It wasn't a bad kind of worry. It was just an honest, responsible kind of worry. "I need to be realistic. I need to make sure my affairs are in order."
|Photos by Ashelie Hartle|
But a tinge of doubt came in. I was no longer sure I could "maintain that attitude."
I turned to good, religious thoughts. "God's in control. It's faith that matters, not good attitude. A good attitude is the product of faith."
But I was no longer sure I could maintain faith, either. After all, doubt--no matter how small the amount--had already crept in.
To be honest, I was in that state for hours. I wasn't directly thinking all the thoughts I just wrote. Instead, I was maintaining a good attitude. I was being cheerful. I was talking with the nurse and trying to be as encouraging to her as possible. I was enjoying the day. I got 15 pages done on Thrilled to Death. I was enjoying the time with my wife as she came in and out from laundry, cleaning the trunk of the car, and other various errands. I was keeping up with others by Facebook between chapters of the book.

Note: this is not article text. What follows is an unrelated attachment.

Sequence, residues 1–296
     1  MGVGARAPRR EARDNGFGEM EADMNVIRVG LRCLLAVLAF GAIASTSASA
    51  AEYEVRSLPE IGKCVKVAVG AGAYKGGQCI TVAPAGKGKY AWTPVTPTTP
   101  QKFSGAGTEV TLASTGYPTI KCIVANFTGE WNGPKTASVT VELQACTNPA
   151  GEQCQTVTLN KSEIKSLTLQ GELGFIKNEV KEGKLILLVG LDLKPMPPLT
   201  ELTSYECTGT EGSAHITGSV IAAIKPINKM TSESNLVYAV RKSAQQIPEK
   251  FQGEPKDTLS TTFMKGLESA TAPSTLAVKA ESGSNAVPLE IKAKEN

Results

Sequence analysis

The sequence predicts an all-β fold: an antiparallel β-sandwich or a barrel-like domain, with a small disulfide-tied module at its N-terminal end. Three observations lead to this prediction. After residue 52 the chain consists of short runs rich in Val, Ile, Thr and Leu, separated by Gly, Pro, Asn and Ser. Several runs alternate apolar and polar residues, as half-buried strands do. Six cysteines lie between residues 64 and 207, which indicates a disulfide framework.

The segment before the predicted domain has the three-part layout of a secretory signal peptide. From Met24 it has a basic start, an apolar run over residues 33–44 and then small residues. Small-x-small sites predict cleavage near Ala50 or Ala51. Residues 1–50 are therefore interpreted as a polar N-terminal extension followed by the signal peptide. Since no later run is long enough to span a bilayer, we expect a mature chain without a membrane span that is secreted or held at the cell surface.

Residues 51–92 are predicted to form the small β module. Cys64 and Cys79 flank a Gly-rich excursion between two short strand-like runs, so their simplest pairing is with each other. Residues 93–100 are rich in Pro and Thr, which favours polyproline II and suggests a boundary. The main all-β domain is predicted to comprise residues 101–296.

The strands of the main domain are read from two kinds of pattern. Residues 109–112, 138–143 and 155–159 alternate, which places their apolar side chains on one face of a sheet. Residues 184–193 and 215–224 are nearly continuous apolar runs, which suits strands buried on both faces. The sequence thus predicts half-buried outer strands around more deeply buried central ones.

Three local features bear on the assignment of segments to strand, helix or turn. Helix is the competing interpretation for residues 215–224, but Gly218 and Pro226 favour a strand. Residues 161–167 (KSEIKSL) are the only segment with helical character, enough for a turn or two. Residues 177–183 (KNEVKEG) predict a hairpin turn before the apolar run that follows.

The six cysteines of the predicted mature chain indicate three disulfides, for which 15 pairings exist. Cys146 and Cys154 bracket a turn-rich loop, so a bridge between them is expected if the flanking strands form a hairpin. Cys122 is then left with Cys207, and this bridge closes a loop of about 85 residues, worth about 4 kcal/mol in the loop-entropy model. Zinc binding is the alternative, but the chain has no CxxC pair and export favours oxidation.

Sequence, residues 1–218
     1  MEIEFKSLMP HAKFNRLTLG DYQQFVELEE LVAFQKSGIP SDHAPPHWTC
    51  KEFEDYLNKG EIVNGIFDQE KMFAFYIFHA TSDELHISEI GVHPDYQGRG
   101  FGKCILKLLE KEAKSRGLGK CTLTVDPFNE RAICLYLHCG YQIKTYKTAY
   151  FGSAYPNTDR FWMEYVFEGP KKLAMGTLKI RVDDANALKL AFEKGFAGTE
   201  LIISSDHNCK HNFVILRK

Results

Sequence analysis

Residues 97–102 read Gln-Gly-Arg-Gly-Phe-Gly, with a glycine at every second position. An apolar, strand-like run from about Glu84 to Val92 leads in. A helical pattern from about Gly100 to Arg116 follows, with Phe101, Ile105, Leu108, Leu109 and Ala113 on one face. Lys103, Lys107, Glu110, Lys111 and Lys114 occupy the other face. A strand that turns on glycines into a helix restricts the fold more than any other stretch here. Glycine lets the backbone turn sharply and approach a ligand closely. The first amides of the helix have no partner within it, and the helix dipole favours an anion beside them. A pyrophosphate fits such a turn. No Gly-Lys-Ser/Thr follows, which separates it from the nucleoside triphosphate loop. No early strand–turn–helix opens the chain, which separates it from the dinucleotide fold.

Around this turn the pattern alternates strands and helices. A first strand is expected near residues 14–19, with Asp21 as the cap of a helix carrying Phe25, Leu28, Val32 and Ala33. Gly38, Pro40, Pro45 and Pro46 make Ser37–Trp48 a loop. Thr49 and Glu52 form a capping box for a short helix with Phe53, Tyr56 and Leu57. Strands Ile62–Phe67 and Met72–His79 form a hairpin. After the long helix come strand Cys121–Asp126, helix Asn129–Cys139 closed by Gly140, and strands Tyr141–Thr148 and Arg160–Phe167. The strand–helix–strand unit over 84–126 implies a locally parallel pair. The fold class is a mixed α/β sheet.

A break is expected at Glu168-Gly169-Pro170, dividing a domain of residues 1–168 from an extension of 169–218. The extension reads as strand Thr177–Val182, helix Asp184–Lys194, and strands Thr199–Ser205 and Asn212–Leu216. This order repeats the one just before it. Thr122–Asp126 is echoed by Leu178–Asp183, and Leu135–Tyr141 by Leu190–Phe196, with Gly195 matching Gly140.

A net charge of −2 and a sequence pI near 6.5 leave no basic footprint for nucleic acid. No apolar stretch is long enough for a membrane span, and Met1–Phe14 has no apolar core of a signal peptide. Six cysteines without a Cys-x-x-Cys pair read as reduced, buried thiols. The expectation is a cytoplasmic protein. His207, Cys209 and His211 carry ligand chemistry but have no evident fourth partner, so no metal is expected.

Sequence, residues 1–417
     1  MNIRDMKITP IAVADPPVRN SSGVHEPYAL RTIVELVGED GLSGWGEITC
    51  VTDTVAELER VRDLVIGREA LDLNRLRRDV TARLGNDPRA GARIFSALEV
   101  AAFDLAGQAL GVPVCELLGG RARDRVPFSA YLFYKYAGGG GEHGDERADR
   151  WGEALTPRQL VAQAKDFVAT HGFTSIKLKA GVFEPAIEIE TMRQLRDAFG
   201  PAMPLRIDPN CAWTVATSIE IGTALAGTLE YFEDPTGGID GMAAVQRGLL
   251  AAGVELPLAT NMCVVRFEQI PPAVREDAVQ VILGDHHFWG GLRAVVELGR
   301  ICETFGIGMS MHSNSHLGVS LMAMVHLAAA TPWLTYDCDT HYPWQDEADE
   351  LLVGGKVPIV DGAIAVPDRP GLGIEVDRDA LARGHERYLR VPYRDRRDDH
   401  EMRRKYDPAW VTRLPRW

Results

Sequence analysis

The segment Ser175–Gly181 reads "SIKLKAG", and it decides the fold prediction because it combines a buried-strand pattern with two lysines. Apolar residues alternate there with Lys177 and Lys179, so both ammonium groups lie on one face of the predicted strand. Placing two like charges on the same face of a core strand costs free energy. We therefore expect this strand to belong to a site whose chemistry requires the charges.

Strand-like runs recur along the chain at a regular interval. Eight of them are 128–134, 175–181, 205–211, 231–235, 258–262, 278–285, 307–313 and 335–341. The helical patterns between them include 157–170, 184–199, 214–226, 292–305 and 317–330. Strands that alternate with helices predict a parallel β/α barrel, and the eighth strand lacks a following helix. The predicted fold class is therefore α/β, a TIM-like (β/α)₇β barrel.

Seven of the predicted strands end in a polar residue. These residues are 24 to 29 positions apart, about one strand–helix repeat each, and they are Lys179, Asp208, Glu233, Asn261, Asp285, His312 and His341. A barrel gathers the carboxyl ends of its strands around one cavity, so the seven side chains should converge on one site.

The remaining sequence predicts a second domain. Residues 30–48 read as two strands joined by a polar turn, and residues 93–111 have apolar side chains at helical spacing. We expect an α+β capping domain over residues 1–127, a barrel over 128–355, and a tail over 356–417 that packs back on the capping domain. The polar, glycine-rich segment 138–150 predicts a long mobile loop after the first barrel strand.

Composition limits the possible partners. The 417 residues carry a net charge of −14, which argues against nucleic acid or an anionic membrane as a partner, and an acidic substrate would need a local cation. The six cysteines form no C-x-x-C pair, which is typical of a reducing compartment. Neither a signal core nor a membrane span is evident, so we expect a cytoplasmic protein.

But by evening, at least compared to previous days, I was tired, and worse, I was unhappy.
Turn your eyes upon Jesus
Look full in his wonderful face
And the things of earth will grow strangely dim
In the light of his glory and grace
A simple shift of attention.
No condemnation. No need for penance. My Father simply swooped me up in his arms, pulled me back to his bosom, and flooded me with grace.
Doubt? Doubt about what?
Doubt about walking with Jesus tomorrow? It's so good today. Why would that ever go away?
My job is to live in the presence of God. My job is to talk about what he's talking about. He's actually said something about my dying. He's said I'm not going to die, at least not from leukemia. So I say that as well.
But really, it doesn't matter.
Doubts that I can maintain a good attitude? I no longer care about a good attitude. My good attitude is, quite apparently, mostly useless and definitely fleeting. I want Christ's attitude. It's supernatural, powerful, and eternal.